My wife made an interesting observation the other night. I ran to the store whilst working in the command bunker (ok, the unused dining room I converted to my studio) and my wife came up to me looking sheepish. She said “You better tell me that I love you A LOT.” She was insistent so I became quite worried.
As I was unsure of which miniature purchase she found out about, a myriad of excuses and lies swirled about my head. Before I could blurt out an excuse, she said that she had fished out of the kitchen drain “one of your really valuable ones”. While I was relieved that I was not in trouble (at least not that I was aware) my mind quickly turned to all of my valuable minis that could have met an ugly fate.
Is There Even A Question of Metal vs Plastic Miniatures?
A Sign of Everything Wrong With Society Today? Yes.Yes it is.
Turns out, it was actually a not at all particularly valuable Warhammer model got knocked into the sink. She said “I know it’s one of the valuable ones since it was really heavy.” Hmmmmmmmmmm, that got me thinking. Is there some primordial association with weight equating with value? Is it that metal is “real” and has value over a disposable plastic society we live in today?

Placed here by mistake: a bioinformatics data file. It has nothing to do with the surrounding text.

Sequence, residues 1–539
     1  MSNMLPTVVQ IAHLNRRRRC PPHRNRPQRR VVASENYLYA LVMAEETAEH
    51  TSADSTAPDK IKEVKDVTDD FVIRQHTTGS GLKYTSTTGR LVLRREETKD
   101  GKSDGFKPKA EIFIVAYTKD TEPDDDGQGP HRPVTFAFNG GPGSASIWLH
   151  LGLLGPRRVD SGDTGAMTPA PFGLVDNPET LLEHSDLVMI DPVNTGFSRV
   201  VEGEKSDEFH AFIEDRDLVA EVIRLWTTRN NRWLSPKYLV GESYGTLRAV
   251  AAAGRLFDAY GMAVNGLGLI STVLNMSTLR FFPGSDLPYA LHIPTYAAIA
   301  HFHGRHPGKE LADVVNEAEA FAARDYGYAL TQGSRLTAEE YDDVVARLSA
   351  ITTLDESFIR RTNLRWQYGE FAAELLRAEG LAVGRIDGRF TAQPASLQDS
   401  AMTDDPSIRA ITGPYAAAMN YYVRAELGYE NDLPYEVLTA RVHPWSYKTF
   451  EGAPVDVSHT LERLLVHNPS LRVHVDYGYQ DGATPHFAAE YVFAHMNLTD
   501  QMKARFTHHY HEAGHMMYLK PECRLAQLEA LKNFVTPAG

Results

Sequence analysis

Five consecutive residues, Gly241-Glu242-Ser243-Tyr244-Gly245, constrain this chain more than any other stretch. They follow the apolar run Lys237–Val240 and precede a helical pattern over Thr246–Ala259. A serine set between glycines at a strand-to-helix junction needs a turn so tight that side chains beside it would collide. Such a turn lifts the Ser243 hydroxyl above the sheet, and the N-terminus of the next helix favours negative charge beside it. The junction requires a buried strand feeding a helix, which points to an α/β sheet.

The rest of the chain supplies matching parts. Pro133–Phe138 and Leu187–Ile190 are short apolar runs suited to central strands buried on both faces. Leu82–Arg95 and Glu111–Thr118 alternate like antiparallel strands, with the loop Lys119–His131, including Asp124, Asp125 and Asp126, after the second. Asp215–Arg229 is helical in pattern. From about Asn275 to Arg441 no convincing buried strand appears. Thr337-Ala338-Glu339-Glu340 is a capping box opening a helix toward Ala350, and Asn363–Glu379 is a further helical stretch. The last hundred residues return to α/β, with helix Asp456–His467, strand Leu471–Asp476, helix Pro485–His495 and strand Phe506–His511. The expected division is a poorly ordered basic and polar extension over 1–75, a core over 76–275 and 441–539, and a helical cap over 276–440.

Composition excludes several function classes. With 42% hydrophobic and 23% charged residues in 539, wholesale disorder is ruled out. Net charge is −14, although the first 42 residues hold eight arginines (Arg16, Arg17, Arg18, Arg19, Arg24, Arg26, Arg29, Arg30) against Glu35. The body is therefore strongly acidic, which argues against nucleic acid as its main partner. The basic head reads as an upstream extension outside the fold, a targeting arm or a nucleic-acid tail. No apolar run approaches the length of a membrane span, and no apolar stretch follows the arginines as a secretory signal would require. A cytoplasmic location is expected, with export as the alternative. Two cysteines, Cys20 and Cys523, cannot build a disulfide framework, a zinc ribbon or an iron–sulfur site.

We live in an incredibly disposable society. Mind you, every generation complains about how the current generation is wasteful, but now it is especially true. The whole idea of planned obsolescence has really gone to the extreme. When you buy something now, it seems that more and more is being made out of cheap plastic since the makers assume you aren’t going to repair it if it breaks, just toss it and get a new one. Think about the humble box of Cracker Jacks.
Not All That Is Wrong In This World
And You Thought Toy Soldiers Were Expensive
Permanence folks, the difference between metal and plastic miniatures is permanence.
So, this is why I prefer metal toy soldiers over plastic or resin. I love the feel, the heft I think is what I am looking for, that is provided by a metal object. Also, I like my models to be able to survive an afternoon in the sun or in my car. Some resins (and the one everyone is thinking of isn’t the only guilty one) just can’t make it if it warm. In Houston, there are a LOT of warm days.
One Can Survive In My Car, One Will Melt
Last, there is a real anachronistic feel to metal toy soldiers. Since so much is cheap lightweight impermanent plastics, there is something very old school feeling about working with metal. I’m proud to have almost all all-metal armies. I just can’t see myself going back if I have a choice.
Am I wrong? What do you think?